Although GTA:V is not yet itself a registered trademark is of no importance. The suffix “V” simply denotes the sequel’s number (following 2008’s GTA IV). The dominant feature of the mark (and the disputed domain name) is the registered trademark GTA. It is also well-established that under the Policy, “it is sufficient that the Complainant . . . has rights in [a] common law trademark or sufficient rights to ground an action for passing off”, Julia Fiona Roberts v. Russell Boyd, WIPO Case No. D2000-0210.

In reference to the second element, Complainants alleges that Respondent has no rights or legitimate interests in respect of the disputed domain name. Complainant has not authorized Respondent to utilize the GTA name and Respondent cannot be said to have legitimately chosen that term unless Respondent was seeking to create an impression of an association with Complainant. Since there is no such authorized association, Respondent’s interests in the disputed domain name cannot be legitimate.

Further, there is no use in connection with a bona fide offering of goods or services under Policy, paragraph 4(c)(i) and Respondent has not acquired any trademark usage in Complainant’s GTA name and is not otherwise commonly known to be affiliated with Complainant. Policy, paragraph 4(c)(ii).

Finally, Respondent has acted in bad faith because Respondent has intentionally attempted to attract, for commercial gain, Internet users to Respondent’s website by creating a likelihood of confusion with Complainant’s trademark as to the source, sponsorship, affiliation or endorsement of Respondent’s website. Thus, Respondent is deceptively diverting the public to Respondent’s website in order to benefit commercially by improperly capitalizing on the fame of GTA and by siphoning Complainant’s valuable goodwill. Indeed, by using the entirety of Complainant’s trademark GTA, Respondent clearly intends to capitalize on the initial interest confusion as to source, sponsorship or affiliation of Respondent’s website.

B. Respondent

Respondent did not reply to Complainant’s contentions.

6. Discussion and Findings

In order for the Panel to decide to grant the remedy of transfer of a domain name to Complainant under the Policy it is necessary that Complainant must prove, as required by paragraph 4(a) of the Policy, that:

(i) the disputed domain name is identical or confusingly similar to a trademark or service mark in which Complainant has rights;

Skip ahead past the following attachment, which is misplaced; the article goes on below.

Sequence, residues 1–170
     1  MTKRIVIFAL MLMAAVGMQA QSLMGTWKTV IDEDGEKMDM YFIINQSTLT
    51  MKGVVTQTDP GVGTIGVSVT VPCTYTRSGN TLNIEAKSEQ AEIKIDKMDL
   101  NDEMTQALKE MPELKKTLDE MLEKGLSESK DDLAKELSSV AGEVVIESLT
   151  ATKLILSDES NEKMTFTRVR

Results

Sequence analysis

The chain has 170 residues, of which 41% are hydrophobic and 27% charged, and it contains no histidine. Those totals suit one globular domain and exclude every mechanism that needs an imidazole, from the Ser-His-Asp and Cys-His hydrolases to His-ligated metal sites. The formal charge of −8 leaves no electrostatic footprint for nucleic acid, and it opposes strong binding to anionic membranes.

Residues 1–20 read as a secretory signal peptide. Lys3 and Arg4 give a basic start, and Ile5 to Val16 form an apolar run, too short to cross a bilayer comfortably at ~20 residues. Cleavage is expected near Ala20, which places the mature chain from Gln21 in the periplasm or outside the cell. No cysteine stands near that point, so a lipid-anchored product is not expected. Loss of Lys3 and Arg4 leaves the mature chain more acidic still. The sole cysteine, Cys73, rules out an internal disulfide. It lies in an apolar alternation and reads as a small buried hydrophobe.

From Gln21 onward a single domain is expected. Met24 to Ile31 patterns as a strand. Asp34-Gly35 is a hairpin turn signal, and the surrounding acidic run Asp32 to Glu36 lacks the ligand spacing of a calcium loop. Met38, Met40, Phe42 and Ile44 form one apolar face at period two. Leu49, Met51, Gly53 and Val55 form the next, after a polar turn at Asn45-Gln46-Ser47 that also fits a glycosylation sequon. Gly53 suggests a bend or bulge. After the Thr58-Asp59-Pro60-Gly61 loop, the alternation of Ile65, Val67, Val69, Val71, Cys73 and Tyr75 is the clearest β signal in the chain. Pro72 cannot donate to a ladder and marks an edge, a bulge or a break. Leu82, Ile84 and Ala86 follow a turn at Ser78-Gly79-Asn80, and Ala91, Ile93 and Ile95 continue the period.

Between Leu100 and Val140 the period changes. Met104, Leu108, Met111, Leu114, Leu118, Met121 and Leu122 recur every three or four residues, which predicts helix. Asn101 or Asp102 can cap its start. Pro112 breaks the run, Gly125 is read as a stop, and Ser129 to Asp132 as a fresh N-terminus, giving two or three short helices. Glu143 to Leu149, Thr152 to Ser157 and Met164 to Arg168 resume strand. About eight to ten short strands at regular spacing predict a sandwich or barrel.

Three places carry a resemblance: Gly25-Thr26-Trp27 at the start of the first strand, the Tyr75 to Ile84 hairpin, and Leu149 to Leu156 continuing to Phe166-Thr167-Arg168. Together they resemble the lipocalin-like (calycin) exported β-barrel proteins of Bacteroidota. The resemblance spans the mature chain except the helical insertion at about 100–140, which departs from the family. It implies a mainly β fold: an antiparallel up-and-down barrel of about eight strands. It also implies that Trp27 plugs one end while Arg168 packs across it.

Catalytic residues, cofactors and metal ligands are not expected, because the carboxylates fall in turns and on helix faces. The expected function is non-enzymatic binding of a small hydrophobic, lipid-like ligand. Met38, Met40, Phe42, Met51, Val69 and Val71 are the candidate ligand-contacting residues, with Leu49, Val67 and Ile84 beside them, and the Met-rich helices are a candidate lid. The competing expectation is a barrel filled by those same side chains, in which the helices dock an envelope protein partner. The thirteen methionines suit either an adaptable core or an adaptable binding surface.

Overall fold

(ii) Respondent has no rights or legitimate interests in respect of the disputed domain name; and

(iii) the disputed domain name has been registered and is being used in bad faith.

The fact that Respondent has not provided a Response to the Complaint does not relieve Complainant of the burden of proving its case. In the absence of a Response, paragraph 5(e) of the Rules expressly requires the Panel to “decide the dispute based upon the complaint”. Under paragraph 14(a) of the Rules in the event of such a “default” the Panel is still required “to proceed with a decision on the complaint”, whilst under paragraph 14(b) it “shall draw such inferences there from as it considers appropriate”. This dispute resolution procedure is accepted by the domain name registrant as a condition of registration. Therefore, a registrant should not gain any evidentiary benefit from its failure to participate.

Thus where a party fails to present evidence in its control, the Panel may draw adverse inferences regarding those facts. (Mary ‑Lynn Mondich and American Vintage Wine Biscuits, Inc. v. Shane Brown, doing business as Big Daddy’s Antiques, WIPO Case No. D2000-0004; State of Wisconsin v. Pro ‑Life Domain, Inc., WIPO Case No. D2003-0432; La Caixa D’Estalvis I Pensions de Barcelona v. José Antonio Bernal, Case No. D2006-1637). Here, Respondent has defaulted, and it is appropriate in the present case for the Panel to accept the facts asserted by Complainant and to draw adverse inferences of fact against Respondent.

A. Identical or Confusingly Similar

Complainant has made continuous use of its registered and incontestable marks where “gta” appears to be a distinctive element and has spent much time, money and effort promoting the mark and has established significant good will.

Previous UDRP panels have decided that the addition of a generic and descriptive terms to an otherwise distinctive trademark name is to be considered confusingly similar to the trademark (Sanofi-Aventis v. US-Meds.com, WIPO Case No. D2004-0809 (finding that the addition of the words “buy” and “online” does not remove a domain name from being confusingly similar); F. Hoffman La Roche AG v. Pinetree Development, Ltd., WIPO Case No. D2006-0049 (finding that the words “buy” and “online” are not sufficient to render a domain name dissimilar or to prevent consumer confusion).